This cruel revenge leads the lovers brother to attack Raymond at the beach where they are vacationing. Meursault is present for the altercation, but doesn’t seem to feel or care much about it, except that he doesn’t want to be around the women (Meursault’s girlfriend and another guest) who are very upset by the incident. Here too, the heat is the only thing that phases him. The hot sun reflecting off the water and burning and oppressing him makes it hard for him to think. But he’d rather be outside in the sun, than inside with the upset women, so he goes for a walk out in the sun, which leads eventually to his predicament.

He finds, that in blind delirium brought on by the sun, he’s shot the man Raymond was feuding with.

The novel then continues with his arrest and sentencing, and time in prison. During all of it, the only thing that that seems to illicit any kind of reaction from him, is when the courtroom is over hot.

The end of this book, and Meursault’s thoughts on the inevitability of death had a anxious, upsetting affect on me, and I found myself connecting with this empty character in several ways. Mainly, his fear not of death itself, but his frustration with the inevitability of it, the lack of hope or means of escape.

There were many parallels to Crime and Punishment in this story, but unlike Roskolnikov, whose paranoia and guilt and nervousness lead to his capture, it is exactly the opposite for Meursault–his coolness and emotionless reaction to everything and everyone around him are his demise.

Very interesting, and somewhat upsetting read.

my mother is a fish, or, As I Lay Dying, by William Faulkner

Why have I never read Faulkner before? This was a great story of a terrible family full of selfish people, told in many different voices from at least a dozen points of view.

Faulkner claims that he wrote the novel from midnight to 4:00 AM over the course of six weeks and that he did not change a word of it. This is a little fact I’ve thought of now and then for a long time, even though I’ve never read Faulkner before. I find that idea amazing, if true.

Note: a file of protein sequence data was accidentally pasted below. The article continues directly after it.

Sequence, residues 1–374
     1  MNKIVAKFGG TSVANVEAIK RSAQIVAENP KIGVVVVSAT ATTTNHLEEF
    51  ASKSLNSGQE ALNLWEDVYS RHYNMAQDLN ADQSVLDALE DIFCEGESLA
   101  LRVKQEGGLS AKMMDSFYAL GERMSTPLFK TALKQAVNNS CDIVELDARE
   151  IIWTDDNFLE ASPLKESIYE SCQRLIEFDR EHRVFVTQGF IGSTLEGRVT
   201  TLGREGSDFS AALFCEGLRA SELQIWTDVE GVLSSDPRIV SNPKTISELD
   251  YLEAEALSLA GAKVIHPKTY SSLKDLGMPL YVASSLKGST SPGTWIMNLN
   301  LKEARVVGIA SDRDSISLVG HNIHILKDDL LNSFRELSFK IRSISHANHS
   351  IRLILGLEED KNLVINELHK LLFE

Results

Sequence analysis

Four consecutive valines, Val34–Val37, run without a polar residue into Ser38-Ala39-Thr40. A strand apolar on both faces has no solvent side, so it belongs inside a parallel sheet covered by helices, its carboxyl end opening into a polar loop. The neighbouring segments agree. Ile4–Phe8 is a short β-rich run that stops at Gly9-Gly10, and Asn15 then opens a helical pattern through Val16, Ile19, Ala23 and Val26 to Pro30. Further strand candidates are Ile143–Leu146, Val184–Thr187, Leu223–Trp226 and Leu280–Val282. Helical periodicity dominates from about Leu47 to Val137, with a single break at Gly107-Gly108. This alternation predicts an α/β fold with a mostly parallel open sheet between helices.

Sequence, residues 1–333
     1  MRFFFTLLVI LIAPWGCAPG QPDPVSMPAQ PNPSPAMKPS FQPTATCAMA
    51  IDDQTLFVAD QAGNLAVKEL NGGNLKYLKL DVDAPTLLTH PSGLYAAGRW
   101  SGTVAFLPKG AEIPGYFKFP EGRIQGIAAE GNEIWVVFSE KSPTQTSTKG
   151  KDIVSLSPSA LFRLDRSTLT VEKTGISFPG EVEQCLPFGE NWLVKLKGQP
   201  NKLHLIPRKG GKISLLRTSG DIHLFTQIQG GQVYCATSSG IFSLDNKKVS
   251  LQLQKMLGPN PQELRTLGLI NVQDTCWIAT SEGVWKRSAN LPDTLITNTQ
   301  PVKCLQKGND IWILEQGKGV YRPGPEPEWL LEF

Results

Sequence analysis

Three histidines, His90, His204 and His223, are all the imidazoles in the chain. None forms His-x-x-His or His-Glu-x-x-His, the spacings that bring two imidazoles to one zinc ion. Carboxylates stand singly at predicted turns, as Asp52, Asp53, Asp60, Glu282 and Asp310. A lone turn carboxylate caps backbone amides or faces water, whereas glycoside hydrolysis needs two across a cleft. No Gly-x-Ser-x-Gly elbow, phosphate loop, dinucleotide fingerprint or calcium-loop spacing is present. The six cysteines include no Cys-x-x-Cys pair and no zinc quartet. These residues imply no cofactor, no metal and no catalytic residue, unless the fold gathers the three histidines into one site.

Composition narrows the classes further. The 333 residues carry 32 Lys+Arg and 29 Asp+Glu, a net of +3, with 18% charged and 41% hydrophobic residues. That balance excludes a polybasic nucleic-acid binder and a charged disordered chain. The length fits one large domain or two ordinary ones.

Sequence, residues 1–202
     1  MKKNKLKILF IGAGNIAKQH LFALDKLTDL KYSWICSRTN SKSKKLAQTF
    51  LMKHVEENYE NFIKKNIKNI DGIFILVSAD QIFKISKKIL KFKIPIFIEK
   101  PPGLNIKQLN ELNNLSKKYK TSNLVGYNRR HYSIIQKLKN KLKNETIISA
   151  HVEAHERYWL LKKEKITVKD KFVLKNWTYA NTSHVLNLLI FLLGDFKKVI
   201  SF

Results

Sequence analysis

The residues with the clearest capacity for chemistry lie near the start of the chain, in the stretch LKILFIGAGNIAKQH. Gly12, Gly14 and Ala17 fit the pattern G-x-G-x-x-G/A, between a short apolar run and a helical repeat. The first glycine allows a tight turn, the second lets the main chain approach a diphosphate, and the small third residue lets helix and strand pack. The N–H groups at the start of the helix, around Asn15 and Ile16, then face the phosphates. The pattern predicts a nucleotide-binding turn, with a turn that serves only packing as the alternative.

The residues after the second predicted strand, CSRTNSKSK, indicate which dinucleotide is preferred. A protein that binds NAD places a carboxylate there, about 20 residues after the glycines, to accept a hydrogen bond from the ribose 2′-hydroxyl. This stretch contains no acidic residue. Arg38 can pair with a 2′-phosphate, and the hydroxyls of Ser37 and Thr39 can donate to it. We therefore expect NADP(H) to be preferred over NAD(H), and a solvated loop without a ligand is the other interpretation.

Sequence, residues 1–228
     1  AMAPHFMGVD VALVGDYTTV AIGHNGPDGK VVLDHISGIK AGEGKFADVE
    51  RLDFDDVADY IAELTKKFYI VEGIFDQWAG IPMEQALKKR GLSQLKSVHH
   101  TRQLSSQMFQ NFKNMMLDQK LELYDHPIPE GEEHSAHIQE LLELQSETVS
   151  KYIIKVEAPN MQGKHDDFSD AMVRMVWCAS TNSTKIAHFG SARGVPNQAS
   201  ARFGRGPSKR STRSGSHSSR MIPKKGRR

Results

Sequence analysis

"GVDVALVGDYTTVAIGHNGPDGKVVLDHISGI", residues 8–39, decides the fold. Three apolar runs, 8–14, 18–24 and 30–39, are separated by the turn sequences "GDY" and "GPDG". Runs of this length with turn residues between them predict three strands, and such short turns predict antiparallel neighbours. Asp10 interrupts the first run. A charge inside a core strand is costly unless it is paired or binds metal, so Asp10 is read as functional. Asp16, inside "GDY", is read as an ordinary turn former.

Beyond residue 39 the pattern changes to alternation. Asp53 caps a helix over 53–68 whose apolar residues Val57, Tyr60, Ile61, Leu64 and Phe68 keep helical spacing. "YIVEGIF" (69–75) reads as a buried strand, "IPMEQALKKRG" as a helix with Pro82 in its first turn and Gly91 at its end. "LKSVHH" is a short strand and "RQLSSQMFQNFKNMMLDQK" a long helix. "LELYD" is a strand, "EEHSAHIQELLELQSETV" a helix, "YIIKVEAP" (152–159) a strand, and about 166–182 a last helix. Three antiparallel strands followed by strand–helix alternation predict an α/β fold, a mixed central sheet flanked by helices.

This book told a lot in what it didn’t tell. Mainly , the character’s complete lack of consideration for their recently dead mother. Only the youngest character, Vardaman, even seemed to think of her at all. Jewel made a daring rescue of her body from the fire, but his POV chapters still didn’t have much thought about her, and no one really seemed to mourn at all. They all had their own things on their minds.

I find their perceptions of each other interesting, too. All the family seems to perceive Darl as the ‘slow’ or ‘off’ one, but his chapters are the most lucid and eloquently written ones.

The end of the novel pretty much sums up the entire book in a single event in the final pages. Brilliantly written, and I’ll have to get some more Faulkner in my life very soon.

The Great Gatsby. Still not sure if I read it.

Well, now I’ve finished it, but I still feel like I haven’t. I had a terrible time trying to pay attention to this one, but I think that was mostly the fault of the narrator. Jake Gyllenhaal (in a trend of having famous actors read classics) gives a dull, monotone reading that would put you to sleep if not for the constant, piercing s-whistles sprinkled throughout.

I already feel I’ll have to give this one yet another try, but next time I’ll be sure to do it in text form.

The parts that I could stay alert for were good, but anything can be boring when read in a tired, simple tone. It reminded me of a ninth grader being forced to read in front of their class, something they have no concept of or interest in understanding. Just words on a page, with no change in pace or rhythm, even when moving from describing a sunset to describing a deadly car crash.

The words will slide right off your brain into oblivion.